So when we think about impact and investment it’s very long term, it’s very future-looking. On top of that we’ve really seen how the power of our Global Health Corps network can effect change more quickly. We have these 320 fellows right now that are from 16 countries and they, every single day, reach out to each other and speak with each other. So, it’s kind of this collective action piece that now can get to scale more quickly … I think that there’s a lot of potential for impact in that network.
What kind of response have you noticed from the “traditional” implementer community — NGOs or contractors who are working on public health projects? How have they responded to your efforts to build a leadership pool that could ultimately be their leadership?
We’ve been so lucky to partner with existing, established players in the field of global health. We partner right now with nonprofits or government agencies — mainly ministries of health — who take our fellows on for a year. So they identify gaps that they have in the scopes of work that they would want two fellows to work on. Our fellows work within them every single day for a year, always in teams of two — one fellow from that country partnered with an international fellow. We’ve been pretty excited by the caliber of our partner organizations and the commitment that they bring to the health challenges that they’re working on, but also really excited that they see our fellows as critical and as vital. To some degree this is a pipeline of talent for them to be employing. We’re building this pool, and ideally organizations will see the value of our fellows and hire them, which is happening now. We have fellows that work in the Ministries of Health, and it’s great for us to go into meetings and have Global Health Corps alumnus in our meetings.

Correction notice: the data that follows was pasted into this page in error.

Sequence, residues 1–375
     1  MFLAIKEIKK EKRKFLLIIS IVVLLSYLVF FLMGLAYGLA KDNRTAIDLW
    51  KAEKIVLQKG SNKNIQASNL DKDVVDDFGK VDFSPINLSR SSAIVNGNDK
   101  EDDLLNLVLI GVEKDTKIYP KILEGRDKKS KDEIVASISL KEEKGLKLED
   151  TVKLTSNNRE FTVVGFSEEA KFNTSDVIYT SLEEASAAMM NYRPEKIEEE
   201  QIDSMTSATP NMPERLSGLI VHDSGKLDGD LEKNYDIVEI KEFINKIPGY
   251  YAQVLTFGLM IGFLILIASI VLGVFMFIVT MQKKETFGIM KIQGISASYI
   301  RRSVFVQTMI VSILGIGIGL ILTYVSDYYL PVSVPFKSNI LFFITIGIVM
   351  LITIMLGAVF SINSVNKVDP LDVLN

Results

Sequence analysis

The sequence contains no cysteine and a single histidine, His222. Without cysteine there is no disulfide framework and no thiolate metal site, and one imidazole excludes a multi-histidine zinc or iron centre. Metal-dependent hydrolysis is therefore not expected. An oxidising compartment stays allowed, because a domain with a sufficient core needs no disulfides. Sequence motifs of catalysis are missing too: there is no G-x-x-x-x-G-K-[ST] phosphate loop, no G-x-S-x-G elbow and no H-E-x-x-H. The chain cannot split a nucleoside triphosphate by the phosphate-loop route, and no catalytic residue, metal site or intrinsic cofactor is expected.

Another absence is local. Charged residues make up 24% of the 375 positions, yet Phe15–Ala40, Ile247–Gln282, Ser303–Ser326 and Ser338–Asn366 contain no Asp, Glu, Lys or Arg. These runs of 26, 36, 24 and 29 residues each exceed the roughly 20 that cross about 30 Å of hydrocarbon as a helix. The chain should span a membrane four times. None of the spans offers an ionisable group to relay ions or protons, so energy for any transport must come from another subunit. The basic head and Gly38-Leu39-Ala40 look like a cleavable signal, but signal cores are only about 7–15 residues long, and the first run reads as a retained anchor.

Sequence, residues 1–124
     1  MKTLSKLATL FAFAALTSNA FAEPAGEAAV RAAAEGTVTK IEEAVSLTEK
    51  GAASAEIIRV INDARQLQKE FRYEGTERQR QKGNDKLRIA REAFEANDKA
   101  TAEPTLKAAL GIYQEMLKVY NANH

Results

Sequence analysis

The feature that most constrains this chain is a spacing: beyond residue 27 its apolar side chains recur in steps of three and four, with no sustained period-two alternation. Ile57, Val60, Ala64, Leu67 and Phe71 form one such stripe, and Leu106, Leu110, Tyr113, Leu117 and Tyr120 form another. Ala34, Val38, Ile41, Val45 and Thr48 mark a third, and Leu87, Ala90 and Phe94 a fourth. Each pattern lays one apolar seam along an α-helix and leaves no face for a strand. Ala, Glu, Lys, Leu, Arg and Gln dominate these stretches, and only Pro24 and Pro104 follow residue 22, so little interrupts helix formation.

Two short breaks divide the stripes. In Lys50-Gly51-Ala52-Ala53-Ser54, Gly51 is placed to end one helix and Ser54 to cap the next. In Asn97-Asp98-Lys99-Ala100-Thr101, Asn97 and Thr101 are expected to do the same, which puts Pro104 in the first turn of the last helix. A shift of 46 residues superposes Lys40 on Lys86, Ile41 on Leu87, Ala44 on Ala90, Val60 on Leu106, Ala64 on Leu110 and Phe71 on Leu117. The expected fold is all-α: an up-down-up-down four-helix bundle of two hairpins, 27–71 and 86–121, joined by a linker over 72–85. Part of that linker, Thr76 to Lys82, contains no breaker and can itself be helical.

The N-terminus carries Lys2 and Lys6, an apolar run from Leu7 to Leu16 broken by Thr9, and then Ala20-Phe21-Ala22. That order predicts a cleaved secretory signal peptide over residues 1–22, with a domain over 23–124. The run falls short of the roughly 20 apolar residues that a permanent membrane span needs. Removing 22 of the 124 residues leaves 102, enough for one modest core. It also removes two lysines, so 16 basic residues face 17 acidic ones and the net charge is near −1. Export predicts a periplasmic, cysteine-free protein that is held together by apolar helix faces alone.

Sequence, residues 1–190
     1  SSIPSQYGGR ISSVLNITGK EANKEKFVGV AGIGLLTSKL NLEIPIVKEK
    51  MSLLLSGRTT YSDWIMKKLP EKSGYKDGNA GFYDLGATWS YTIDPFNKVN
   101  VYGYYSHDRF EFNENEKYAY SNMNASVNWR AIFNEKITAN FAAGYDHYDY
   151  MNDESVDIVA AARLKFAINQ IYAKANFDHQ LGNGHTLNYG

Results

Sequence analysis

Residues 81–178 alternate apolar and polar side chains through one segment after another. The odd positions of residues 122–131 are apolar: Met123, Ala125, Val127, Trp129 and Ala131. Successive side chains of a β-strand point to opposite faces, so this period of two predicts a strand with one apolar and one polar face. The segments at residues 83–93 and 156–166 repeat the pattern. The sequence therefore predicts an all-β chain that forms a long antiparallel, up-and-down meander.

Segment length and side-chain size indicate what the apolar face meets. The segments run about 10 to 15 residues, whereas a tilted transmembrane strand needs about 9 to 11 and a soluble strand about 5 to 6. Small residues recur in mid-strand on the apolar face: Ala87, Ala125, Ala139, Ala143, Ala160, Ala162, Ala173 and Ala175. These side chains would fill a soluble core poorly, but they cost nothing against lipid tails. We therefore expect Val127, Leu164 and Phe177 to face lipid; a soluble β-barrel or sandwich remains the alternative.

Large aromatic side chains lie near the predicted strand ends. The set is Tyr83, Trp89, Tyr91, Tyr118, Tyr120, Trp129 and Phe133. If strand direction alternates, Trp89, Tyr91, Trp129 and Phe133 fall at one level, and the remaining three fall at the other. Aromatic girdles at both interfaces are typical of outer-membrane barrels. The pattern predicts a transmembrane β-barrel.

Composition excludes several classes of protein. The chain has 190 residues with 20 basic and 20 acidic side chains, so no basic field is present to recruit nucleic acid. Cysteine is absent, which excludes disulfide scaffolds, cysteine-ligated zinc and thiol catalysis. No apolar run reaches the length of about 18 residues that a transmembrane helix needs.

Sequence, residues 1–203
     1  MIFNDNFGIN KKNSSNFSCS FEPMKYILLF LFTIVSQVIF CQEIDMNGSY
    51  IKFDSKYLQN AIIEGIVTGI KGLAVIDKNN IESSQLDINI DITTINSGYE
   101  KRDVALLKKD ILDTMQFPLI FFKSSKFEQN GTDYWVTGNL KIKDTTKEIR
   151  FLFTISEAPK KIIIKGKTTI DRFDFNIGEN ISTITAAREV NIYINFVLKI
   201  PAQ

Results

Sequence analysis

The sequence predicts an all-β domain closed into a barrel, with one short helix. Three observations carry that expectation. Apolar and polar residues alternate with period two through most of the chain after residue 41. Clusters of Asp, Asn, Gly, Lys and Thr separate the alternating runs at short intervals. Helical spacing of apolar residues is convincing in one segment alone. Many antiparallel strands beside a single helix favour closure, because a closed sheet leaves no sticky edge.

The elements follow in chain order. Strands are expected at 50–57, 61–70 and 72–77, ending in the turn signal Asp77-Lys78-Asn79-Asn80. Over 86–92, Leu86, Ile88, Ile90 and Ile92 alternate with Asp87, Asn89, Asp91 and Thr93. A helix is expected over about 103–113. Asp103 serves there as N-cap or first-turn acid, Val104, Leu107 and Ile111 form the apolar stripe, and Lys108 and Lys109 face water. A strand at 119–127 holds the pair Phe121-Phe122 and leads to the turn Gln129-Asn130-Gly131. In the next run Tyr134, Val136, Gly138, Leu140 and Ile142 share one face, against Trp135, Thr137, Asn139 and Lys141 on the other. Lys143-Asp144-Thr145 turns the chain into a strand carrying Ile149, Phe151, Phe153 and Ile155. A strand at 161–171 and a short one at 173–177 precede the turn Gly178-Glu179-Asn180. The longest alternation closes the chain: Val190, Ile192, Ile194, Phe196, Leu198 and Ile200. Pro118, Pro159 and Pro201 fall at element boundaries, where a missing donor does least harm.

Your model focuses on partnership and building community for global health, but you’re also in the business of breaking down barriers of entry into the global health field for people who might not have thought of themselves as global health practitioners in the past. What lessons have you learned about how to broaden the definition of a global health problem to make it appeal to people who might have a different background?